Toxins in the environment, like lead, smoking, secondhand smoke, and air pollution, can contribute to the development and progression of cardiovascular disease (CVD) and to deaths. Also, being exposed to toxins over and over again has been linked to heart disease, high blood pressure, and hardening of the arteries.
Preliminary research to be presented at the American Heart Association’s Scientific Sessions 2022 indicates that lead exposure has been more of a contributing factor to cardiovascular disease (CVD) deaths in the U.S. than in the U.K., while the U.S. has actually performed better in terms of CVD death risks linked to particulate matter when compared to the U.K.
Researchers used the 2019 Global Burden of Disease study to find out how many people died from cardiovascular disease in both countries over the past 30 years. This added up to 33 million deaths. Based on how much people were exposed to four risk factors—lead, particulate matter, secondhand smoke, and smoking—researchers figured out how many deaths from cardiovascular disease were linked to these four risk factors during those 30 years.
According to the results:
- In comparison to the United Kingdom, which had a risk-attributable cardiovascular death rate of 1.4% over the course of 30 years, the United States had a higher rate of 2.4%.
- In contrast, during the same 30-year period, the United Kingdom experienced a higher percentage of cardiovascular mortality linked to particulate matter exposure (6.5%), compared to the United States (5.0%).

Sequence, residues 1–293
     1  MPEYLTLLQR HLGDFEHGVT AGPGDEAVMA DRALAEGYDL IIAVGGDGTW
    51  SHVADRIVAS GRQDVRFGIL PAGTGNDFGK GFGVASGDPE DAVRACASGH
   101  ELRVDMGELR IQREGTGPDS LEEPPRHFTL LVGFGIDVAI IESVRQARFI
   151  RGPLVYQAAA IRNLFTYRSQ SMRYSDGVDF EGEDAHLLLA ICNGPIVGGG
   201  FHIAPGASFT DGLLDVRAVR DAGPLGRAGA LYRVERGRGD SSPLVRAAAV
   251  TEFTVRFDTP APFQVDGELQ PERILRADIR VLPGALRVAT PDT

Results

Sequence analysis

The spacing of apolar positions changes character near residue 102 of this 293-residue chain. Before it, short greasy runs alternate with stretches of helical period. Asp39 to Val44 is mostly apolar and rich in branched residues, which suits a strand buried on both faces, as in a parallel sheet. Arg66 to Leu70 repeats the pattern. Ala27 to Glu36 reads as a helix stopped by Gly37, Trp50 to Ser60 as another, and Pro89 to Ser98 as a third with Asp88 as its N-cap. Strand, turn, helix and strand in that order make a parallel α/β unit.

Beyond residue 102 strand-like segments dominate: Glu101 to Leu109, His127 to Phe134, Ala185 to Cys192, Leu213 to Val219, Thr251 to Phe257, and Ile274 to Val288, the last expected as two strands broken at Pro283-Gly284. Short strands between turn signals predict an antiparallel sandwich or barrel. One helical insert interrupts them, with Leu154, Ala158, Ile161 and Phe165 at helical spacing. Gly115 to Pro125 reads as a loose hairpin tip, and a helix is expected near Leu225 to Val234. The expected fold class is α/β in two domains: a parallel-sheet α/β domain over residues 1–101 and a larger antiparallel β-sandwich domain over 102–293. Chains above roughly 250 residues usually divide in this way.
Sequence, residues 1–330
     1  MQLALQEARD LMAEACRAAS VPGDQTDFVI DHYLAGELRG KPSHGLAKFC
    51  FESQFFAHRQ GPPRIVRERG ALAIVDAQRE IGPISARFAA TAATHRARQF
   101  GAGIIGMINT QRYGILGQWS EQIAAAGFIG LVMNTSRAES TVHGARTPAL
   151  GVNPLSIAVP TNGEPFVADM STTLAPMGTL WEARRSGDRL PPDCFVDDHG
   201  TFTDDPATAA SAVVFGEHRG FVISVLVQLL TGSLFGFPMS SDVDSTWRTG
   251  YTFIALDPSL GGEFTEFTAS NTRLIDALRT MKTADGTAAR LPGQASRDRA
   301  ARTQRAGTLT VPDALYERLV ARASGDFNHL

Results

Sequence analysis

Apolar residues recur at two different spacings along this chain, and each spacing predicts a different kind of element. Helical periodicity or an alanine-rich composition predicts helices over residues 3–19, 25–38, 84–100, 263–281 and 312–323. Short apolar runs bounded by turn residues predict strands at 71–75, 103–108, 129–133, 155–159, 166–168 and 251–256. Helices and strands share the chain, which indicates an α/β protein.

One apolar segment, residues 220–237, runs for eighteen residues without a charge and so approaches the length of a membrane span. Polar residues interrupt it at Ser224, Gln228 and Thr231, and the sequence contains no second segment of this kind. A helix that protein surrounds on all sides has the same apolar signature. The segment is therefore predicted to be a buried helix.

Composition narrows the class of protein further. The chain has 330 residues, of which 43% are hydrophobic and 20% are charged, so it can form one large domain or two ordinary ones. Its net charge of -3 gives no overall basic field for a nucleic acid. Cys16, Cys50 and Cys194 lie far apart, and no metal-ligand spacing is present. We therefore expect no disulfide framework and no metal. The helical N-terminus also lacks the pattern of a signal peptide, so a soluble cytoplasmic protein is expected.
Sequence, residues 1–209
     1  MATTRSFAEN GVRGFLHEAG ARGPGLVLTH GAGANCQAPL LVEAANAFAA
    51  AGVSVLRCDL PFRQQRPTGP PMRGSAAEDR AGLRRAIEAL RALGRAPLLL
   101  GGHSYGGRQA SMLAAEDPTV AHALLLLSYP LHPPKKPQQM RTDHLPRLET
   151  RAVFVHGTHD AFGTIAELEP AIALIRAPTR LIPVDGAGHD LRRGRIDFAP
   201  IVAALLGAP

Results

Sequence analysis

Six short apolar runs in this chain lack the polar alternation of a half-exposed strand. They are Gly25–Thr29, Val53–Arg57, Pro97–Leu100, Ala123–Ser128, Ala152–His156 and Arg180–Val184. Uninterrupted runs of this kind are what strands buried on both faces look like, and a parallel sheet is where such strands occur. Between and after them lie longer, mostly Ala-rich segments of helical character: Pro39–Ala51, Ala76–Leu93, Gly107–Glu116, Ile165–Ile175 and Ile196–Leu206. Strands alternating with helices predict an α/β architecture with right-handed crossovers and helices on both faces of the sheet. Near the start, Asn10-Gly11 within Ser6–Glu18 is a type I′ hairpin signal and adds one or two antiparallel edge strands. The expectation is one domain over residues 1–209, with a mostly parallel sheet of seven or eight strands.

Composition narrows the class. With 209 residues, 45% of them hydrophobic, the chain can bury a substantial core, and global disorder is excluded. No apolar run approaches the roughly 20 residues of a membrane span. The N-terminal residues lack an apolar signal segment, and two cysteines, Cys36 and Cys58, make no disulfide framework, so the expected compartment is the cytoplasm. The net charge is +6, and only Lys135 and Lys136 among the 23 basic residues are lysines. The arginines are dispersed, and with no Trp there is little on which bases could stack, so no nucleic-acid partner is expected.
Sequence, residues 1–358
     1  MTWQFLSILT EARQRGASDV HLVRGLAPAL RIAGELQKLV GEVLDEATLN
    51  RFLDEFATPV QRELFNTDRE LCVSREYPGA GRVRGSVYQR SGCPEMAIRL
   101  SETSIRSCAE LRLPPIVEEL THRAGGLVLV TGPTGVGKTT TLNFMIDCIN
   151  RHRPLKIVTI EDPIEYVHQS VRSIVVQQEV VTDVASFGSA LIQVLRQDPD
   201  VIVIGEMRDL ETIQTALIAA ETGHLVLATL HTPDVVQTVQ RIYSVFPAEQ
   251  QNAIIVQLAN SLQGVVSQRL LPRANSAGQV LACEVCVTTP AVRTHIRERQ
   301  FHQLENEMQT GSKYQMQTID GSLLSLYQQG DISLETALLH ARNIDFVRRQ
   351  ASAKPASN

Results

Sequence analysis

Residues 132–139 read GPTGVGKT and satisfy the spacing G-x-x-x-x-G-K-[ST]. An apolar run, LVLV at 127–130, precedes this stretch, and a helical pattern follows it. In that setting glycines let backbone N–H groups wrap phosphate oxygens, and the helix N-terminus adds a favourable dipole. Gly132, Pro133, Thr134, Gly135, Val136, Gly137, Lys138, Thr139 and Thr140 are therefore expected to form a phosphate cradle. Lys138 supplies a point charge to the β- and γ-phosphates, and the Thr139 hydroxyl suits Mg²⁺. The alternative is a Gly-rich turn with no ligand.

- Over the course of 30 years, there were no appreciable differences in cardiovascular deaths between the nations for those who smoked and those who were exposed to secondhand smoke.
- Smoking continues to be the leading risk factor for cardiovascular death in both the United States and the United Kingdom, followed by particulate matter, as it did in 1990. Lead and secondhand smoke came next in the United States, followed by lead and secondhand smoke in the United Kingdom.
Because these nations have similar public health policies to improve preventative care and environmental rules to lessen exposure to pollutants, Titus said, “we expected that there would be no difference between these countries.
“In the U.S., lead exposure is still high, which most often comes from paint, drinking water, plumbing and dust in old houses, while exposure to particulate matter has significantly reduced in the past 30 years.
“The United States is not as densely populated as the United Kingdom and that could also explain the higher secondhand smoking risk in the U.K. In the past 30 years, about 20% of people who died from cardiovascular disease in the U.S. and the U.K. were smokers.”
The researchers found that over the course of 30 years, cardiovascular mortality linked to all four environmental factors—lead, smoking, secondhand smoke, and air pollution—decreased steadily in both countries.
“Our study revealed that we are still tackling the beast. Patient counselling by physicians and cardiologists is required to educate patients regarding these four environmental factors linked to cardiovascular disease,” Titus added. “More research on how environmental risk factors impact our daily lives is needed to help policymakers, public health experts, and communities see the big picture. Better anti-smoking campaigns need to be developed as well as changes that move us away from fossil fuels.”
While this study does not prove a direct link between environmental pollutants and the risk of cardiovascular death, Titus noticed that there is a difference in cardiovascular mortality in these geographically different but demographically similar countries.
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